On the eve of Kanye West's Yandhi deconstruction, we are left to ponder the explosive potential of concurrent Yeezy and Weezy album listens. This past week Kanye seemingly conceded defeat to Lil Wayne by announcing that he intended to stagger his Yandhi launch to Saturday-cum-Midnight. It's in our very nature as humans to stoke flames at the first sign of competition, even in instances where those bylines don't exist.

When Kanye conceded defeat to "his brother" Lil Wayne, it made us consider our own biases to an extent. Upon further inspection, it became evident: this isn't September 2007, a month of predetermined jousting between Kanye West and 50 Cent, a recording artist he had not built a rapport with, good or bad. Ultimately, Kanye's Graduation outsold Curtis by a wide margin, but the stakes were never personal, I hope you weren't fooled.

In 2018, Kanye West is already associated with a half-dozen projects to come out this year, so why even engage with Lil Wayne in the classical sense, in spite of the fact Tha Carter V is far too invested in its emotional boundary setting.

In 2007, 50 and Kanye manipulated the emotional intelligence of their respective fanbases, because they knew deep down their work wasn't strong enough to withstand the test of time. The collective reaction to Kanye conceding defeat two days ago doesn't account for the personal relationship he and Weezy have nurtured over time.

We collectively forget that people only fraternize within their ranks. For Kanye West and Lil Wayne, that social demarcation happens to be the Heavyweight division of an important subculture. In recent that social class has grown to include the rest of American celebrity culture, which rappers modulate at will when they aren't being persecuted. Wayne and Kanye understand that too well.

The etchings of Kanye West's friendship with Lil Wayne can be traced to the very same album that won out over Curtis in 2007. On "The Glory" off the Graduation, Yeezy acknowledges Lil Wayne's street credibility in a way that lacks a certain element of foresight. The "wizened" Kanye West of 2018 would never venture anywhere without a compass (I say that quite ironically).

And yet, a genuine moment of mutual recognition takes place behind the scenes and on precipitated by "The Glory," with bated breath --  and without public record, I might add. When somebody shows love, no matter how crudely, a predisposition towards that individual is born, especially if that person has the power to influence others.

"After each and every show a couple dykes in the van
It's easy
The hood love to listen to Jeezy and Weezy
And, oh yeah, Yeezy
I did it for the glory."

Up to that point, all signs pointed towards Kanye and Weezy respecting one another, but nothing more than that. In May of 2008 their relationship went up a few notches after Lil Wayne solicited a verse from Kanye for his "Lollipop Remix." In the late 2000s, DJ Khaled emergence as a "curator" gave rise to this idea that hip-hop that superseded the bubble of "urban radio" were given marching orders so as to appear greater than their roots. And thus the "Lollipop Remix" with Kanye was born.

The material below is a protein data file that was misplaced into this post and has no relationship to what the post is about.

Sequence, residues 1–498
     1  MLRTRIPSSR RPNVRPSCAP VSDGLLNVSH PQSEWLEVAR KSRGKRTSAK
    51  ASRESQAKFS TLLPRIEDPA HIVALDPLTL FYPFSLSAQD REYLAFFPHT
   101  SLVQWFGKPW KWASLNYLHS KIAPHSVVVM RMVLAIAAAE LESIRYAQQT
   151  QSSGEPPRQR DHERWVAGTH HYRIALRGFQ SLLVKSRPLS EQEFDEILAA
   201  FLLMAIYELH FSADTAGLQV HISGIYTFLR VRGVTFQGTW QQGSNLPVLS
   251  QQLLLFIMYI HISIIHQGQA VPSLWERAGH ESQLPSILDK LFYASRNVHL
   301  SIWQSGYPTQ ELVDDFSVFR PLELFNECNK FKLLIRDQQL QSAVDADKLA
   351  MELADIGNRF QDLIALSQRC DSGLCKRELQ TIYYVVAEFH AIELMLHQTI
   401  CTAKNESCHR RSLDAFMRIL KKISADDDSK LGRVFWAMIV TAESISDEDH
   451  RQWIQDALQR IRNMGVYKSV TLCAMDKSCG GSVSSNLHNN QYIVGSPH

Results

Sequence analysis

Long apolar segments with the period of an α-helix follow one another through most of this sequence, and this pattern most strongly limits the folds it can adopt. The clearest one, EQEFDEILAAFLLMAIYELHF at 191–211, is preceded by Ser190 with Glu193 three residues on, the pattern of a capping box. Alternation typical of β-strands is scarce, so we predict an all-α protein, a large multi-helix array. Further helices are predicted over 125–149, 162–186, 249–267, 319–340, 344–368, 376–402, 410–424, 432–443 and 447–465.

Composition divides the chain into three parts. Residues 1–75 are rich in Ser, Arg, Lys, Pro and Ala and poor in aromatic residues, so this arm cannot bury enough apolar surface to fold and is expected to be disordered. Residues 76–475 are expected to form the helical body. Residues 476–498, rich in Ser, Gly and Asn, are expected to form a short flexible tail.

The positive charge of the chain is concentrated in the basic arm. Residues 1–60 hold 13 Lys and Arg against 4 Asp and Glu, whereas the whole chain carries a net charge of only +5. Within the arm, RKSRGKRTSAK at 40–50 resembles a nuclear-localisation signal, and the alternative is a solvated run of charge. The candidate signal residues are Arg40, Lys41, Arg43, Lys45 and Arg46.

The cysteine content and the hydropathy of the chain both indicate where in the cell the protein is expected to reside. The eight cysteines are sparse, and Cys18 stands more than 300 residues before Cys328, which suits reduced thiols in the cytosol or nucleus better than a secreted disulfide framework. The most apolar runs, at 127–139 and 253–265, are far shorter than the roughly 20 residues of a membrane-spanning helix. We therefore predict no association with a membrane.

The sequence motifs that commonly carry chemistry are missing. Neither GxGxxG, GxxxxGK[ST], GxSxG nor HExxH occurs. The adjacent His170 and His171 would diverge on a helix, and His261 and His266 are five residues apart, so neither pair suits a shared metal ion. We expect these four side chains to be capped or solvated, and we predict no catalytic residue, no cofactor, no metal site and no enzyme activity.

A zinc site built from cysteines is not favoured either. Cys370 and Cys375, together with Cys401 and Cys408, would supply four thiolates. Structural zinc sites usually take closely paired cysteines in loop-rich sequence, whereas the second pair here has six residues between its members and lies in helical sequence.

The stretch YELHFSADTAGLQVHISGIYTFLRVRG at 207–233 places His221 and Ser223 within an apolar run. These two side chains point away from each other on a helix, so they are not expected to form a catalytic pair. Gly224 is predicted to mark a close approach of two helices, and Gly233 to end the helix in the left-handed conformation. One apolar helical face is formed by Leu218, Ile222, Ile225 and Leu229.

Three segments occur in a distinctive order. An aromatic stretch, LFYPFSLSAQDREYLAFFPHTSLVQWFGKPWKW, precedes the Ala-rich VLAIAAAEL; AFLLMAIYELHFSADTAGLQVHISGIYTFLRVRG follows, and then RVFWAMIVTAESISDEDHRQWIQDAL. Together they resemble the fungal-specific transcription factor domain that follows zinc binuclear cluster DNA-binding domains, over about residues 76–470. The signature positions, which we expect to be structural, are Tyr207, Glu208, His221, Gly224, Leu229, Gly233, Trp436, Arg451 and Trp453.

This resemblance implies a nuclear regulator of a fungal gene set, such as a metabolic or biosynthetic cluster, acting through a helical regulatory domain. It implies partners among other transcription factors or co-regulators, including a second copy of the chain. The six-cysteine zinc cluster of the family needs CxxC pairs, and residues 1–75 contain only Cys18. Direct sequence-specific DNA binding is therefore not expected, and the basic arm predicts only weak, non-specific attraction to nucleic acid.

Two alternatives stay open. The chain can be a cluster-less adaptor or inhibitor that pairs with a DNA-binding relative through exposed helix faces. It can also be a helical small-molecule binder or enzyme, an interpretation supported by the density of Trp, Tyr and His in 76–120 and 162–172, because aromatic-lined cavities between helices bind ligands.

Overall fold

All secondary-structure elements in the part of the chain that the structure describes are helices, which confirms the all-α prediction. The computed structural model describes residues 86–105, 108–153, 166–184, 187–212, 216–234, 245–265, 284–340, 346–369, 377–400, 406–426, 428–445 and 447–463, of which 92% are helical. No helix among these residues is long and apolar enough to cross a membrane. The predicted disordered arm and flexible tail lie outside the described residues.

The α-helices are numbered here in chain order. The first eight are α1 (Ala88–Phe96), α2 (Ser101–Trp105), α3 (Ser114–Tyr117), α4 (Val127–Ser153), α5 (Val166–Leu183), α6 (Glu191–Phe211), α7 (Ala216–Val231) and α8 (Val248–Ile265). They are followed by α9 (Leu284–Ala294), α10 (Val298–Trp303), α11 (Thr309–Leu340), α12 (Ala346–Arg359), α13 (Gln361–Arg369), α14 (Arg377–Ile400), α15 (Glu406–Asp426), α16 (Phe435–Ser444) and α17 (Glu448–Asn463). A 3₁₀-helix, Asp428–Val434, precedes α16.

A few months later, Kanye West produced two standout records on Lil Wayne's Tha Carter III: "Comfortable" and "Let the Beat Build." If you're keeping count, it would seem that Weezy owes his friend one or two favors. But as history would have it: retribution mitigates itself, and their relationship would get frostier before it got even stronger.

Three years pass more or less, both men borrow from their shared experiences, they climb stages together, utter each other's name favorably a couple dozen times. While this is occurring, rap feudalism is waged, both ugly and morose, sometimes by their own admission. Both men tippy toe their way to victory, no allegiance too precious or adulterous comes between them, not even a guilty by association verdict with Jay-Z as the intended target, stood in his way of appreciating a not-so-distant friend.

At a YMCB event taking place right before the Grammy Awards in 2012, Weezy entertained his guests by kicking a freestyle in which he disses The Throne, around the time Kanye and Jigga were purporting their supergroup. "I met a red-bone, I took the girl home, I asked her what she wanna watch, she said, surely not The Throne," he rapped to a live audience. Shockingly nothing came of it.

Weezy's fighting spirit helped catapult him further in the "Best Rapper Alive" discussions that were taking place, mostly on the Internet. Wisely. Kanye West chose to bypass any window he had to respond since he knew he was never the intended target.

Cycle back to 2018 with the knowledge you've accrued of Kanye's temperament, and his reaction time becomes less staged and more apparent, especially in relation to an artist he's been groomed to run side-by-side. When the image of Weezy & Yeezy posing together on the day of 2 Chainz' nuptial surfaced, it conveyed that a sense of familiarity or intimacy had existed all this time, second only to the childlike manner in which they behaved.

Therein lies a reason to believe, that Kanye and Lil Wayne are like any of us, in the sense that we gravitate towards people on the basis of experience, and baed on emotional maturity. The trajectory of Lil Wayne's friendship with Kanye West runs parallel with their stated desire to outperform every single artist outside their self-delineated bracket. Like an amulet you learn not to touch, Weezy and Yeezy both recognized within each other, a singularity that exists nowhere else on the horizon.